Musically Gifted? Here Are 13 Ways You Can Make Money With Your Talent

A man adjusts his hat while he raps in a sound booth.
Carmen Mandato/The Penny Hoarder
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So you sing better than Taylor Swift or Nick Jonas, strum a guitar like Jimi Hendrix or Kelley Deal or play piano better than Tori Amos.

Or maybe, if writing music or lyrics is your thing, you can compare yourself to Morrissey or Jhene Aiko. Or perhaps you’re not as good as any of these music icons — but you’re good enough.

Suppose that’s the case but the record companies don’t know you exist, your product jingle submissions are rejected and you wash out on the first round of auditions for “The Voice.”

How do you translate your skills into something more? How do you make money with your music?

13 Ways to Make Money From Music

You can start by trying a few of these ways to earn money from your musical talents.

1. Teach in Person or Online

If you know how to play an instrument or you can sing, you can probably teach others. Websites like make it easier than ever to find people to tutor without expensive advertising.

2. Create a Website

A website or blog is a great way to showcase and even sell your music. You can also advertise your availability for gigs.

No idea where to start? You can use a platform designed specifically for band websites, like Ithas a free 30-day trial and plans starting at less than $10 per month. Or to create your own site, follow our guide to how to start a blog.

3. Start a YouTube Channel

On YouTube, you can make money with your own music, and you can also make money giving free video lessons if you monetize those tutorials. This guitar lesson for beginners, for example, has more than 2 million views.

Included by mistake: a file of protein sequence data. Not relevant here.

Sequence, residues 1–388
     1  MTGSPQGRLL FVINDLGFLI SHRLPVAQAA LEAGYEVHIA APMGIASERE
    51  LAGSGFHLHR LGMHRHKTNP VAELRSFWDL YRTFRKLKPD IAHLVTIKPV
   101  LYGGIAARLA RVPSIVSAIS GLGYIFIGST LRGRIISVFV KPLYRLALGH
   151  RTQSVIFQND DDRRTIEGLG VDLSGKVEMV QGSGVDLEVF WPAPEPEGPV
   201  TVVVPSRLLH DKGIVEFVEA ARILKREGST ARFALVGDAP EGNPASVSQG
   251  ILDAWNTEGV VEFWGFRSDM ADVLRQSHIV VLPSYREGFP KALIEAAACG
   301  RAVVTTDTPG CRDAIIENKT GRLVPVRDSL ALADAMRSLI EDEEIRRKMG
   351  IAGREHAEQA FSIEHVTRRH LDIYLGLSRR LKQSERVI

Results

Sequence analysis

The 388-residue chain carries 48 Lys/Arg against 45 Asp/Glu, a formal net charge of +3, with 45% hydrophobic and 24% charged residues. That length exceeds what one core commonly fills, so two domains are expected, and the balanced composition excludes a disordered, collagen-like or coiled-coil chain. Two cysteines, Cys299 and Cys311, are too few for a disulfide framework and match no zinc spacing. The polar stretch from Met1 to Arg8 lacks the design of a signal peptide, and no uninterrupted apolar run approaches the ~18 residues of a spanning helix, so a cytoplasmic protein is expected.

In addition to creating lessons, you can record yourself performing and put the videos on YouTube. This strategy has helped many successful musicians and pop stars, from Justin Bieber to Soulja Boy, get discovered.

4. Be a Band Stand-In

You know what you can do, but why not let a few active local bands know? Offer to be a stand-in for any sick or absent band members. Apart from making a little cash, it might lead to something bigger, like joining a rising band or even starting your own.

A man dj's at an outdoor bar.
Chris Wood prepares to Dj at The Bricks Ybor on Saturday, September 1, 2018. Chris Zuppa/The Penny

5. Be a DJ

DJ gigs are hard to come by during the COVID-19 pandemic, but that won’t always be true. The most common ways to make money as a DJ is to work at bars, clubs and private parties. You can make it a serious business by building a brand, putting on big shows, selling merchandise and doing endorsements.

Also, depending on the venues you work, you might be able to play some of your own tunes alongside the popular requests. You might soon have a following.

6. Book Gigs

Is your act ready for prime time — once live music cranks up again? Start setting your sights on booking paid gigs. Small bars and restaurants are some of the easier places to start, but events can pay better. Parties, small festivals, art fairs and corporate events are all possibilities.

7. Write Songs

Selling songs outright isn’t common, and that’s probably a good thing. Who wants to make just a few bucks on a song that might become a big hit?